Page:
Citrus fruits of many kinds are on sale in the town, and in many different forms - from fresh fruit to jams, honey and other preserves, biscuits, cakes and pastries - including 'le cake au citron du Menton' - and glacéd fruits enticingly displayed in elegant shop windows. Liqueurs and citrus-scented soap and perfume, such as L'Eau de Menton are also on sale.
Each Sunday of the festival, the 'Corso des Fruits D'Or' ('Golden Fruit Parade') is a major attraction, during which enormous floats carrying characters, objects or scenes decorated with huge quantities of citrus fruit process through the streets of Menton and along the Promenade du Soleil on the sea front. Decorated floats also make up the 'Corso Nocturne' ('Moonlit Parade') on Thursdays during the festival.
The Menton lemon
With a very mild climate that proved to be perfect for their cultivation, it is reported that citrus fruits were being grown in Menton in the mid 14th C. The first written records of lemon growing however, are said to date from the mid 15th C.
Production flourished in the 17th and 18th centuries and legislation was introduced (famously by the 'Magistrate of Lemons' - a council appointed in 1671 by the Prince Louis I of Monaco, who benefited from the taxation of lemons) to regulate cultivation and trade. The peak in production was from around 1750 - 1850. Though grown in small terraced orchards, by the 1800s, some 80,000 lemon trees had been established in groves there.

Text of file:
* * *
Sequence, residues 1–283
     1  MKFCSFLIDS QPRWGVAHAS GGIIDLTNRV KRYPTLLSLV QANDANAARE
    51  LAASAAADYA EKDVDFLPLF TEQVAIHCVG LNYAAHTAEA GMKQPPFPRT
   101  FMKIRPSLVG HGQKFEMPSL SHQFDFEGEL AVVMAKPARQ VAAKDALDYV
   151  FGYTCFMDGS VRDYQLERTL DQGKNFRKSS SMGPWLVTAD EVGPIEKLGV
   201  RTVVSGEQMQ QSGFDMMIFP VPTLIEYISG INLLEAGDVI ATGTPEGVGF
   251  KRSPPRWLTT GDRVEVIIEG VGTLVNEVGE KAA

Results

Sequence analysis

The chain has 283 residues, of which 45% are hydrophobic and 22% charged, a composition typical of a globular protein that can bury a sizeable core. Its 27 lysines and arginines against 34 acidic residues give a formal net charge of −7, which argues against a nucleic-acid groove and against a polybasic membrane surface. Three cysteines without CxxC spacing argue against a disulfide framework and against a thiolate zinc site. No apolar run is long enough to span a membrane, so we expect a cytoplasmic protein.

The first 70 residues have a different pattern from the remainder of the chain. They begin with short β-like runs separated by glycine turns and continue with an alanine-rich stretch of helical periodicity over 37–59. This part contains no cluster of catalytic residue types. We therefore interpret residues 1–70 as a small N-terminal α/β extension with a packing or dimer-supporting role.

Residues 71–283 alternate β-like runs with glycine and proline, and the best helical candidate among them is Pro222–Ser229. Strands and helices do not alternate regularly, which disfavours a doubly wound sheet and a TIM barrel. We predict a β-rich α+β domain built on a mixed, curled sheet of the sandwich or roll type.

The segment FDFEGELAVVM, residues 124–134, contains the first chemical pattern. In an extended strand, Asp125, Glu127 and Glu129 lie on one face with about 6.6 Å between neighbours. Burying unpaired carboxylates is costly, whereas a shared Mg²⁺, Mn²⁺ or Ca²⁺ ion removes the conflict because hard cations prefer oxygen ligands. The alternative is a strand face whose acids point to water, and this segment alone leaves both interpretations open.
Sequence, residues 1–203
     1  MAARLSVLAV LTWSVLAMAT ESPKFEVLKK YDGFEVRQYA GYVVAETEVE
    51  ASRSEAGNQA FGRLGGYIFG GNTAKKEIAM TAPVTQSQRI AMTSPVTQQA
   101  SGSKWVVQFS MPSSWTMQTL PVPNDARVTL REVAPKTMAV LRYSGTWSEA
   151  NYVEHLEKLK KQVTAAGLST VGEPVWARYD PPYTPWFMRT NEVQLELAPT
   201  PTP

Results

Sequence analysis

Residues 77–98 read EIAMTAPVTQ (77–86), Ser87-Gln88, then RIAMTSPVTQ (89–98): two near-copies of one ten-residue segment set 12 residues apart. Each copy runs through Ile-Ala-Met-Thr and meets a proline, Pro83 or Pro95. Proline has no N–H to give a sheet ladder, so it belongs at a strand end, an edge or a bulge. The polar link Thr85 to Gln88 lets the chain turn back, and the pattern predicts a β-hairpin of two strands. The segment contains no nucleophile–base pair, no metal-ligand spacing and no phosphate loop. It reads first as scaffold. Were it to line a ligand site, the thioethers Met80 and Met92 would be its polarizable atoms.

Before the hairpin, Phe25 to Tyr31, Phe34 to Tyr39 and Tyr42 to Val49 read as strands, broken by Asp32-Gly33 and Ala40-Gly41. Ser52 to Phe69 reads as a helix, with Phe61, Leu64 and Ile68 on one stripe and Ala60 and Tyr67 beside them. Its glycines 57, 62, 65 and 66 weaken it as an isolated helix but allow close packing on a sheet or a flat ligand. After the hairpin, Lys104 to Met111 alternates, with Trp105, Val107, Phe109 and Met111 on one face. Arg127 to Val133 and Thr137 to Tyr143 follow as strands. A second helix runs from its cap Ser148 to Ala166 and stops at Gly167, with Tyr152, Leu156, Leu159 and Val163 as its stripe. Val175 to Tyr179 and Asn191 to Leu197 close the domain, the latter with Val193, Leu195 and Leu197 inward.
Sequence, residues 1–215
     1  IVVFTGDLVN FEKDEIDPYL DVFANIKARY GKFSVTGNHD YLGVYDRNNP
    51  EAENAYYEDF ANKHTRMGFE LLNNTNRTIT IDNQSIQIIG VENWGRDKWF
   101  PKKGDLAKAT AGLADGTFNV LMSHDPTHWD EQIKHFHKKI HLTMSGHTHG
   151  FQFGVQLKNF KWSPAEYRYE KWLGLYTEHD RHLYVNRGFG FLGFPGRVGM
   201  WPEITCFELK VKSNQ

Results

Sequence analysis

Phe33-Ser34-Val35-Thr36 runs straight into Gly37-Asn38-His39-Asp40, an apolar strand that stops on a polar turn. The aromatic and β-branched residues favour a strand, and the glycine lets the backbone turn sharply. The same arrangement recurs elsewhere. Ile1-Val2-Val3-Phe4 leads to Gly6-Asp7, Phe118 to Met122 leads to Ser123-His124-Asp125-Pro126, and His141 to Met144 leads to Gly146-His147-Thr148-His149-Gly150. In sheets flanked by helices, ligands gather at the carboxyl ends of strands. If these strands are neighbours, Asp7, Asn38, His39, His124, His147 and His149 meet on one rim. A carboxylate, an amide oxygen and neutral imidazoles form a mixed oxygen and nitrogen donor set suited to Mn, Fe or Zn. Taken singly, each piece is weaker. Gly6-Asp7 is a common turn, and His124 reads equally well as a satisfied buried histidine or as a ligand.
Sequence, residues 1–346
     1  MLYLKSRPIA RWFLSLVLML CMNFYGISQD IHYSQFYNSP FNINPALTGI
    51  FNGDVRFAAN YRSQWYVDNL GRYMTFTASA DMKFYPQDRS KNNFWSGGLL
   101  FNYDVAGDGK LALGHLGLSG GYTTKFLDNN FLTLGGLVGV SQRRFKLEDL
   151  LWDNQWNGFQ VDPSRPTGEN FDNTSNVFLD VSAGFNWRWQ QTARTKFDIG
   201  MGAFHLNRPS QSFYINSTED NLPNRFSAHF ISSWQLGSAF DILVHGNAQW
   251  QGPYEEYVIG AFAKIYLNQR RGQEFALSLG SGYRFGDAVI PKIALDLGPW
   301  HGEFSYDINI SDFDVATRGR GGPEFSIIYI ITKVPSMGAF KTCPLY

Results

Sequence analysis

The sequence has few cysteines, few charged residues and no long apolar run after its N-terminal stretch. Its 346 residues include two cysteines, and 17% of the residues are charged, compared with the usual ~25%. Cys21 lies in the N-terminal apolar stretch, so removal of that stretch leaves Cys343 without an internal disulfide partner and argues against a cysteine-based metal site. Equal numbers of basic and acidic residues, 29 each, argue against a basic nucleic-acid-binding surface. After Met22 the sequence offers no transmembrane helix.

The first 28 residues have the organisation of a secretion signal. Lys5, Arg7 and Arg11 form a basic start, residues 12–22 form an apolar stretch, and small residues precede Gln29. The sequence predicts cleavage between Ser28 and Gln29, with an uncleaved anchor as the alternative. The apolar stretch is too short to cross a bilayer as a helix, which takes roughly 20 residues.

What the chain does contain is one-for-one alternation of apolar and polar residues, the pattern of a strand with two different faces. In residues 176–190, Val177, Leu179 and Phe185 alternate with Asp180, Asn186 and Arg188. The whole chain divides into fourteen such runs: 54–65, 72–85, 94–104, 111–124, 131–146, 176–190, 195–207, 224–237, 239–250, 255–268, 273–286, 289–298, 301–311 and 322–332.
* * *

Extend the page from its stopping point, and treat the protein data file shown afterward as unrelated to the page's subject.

At this time, citrus production was Menton's most important economic activity and some 35 million lemons were exported each year, mostly to England, Germany, Russia and North America.
From the end of the 19th C however, production began to decline, due in part to the small size of the orchards and their fragmentation, but also to disease and bad weather. A disastrous cold spell in 1956 and attack by the fungal pathogen Phoma tracheiphila, which causes a disease known as 'mal secco' (which blocks the flow of sap, drying out the branches, resulting in severe damage to and the death of citrus and particularly lemon trees in the Mediterranean), took a serious toll. Many growers abandoned their plots, while the town continued to expand.
With tourism however, continuing to grow, in the 1980s great efforts were made by local authorities to revitalize and support lemon production and in the 1990s over 5,000 trees were planted.
In 2004 the Association for the Promotion of Menton's Lemons (L’Association pour la Promotion du Citron de Menton—APCM) was formed to increase lemon production.
In 2015, because of its outstanding qualities, the 'Citron de Menton' (Menton lemon) achieved official recognition at European level with IGP (Protected Geographical Indication) status, relating to growers in the municipalities of Menton, Roquebrune Cap-Martin, Sainte-Agnès, Gorbio and Castellar.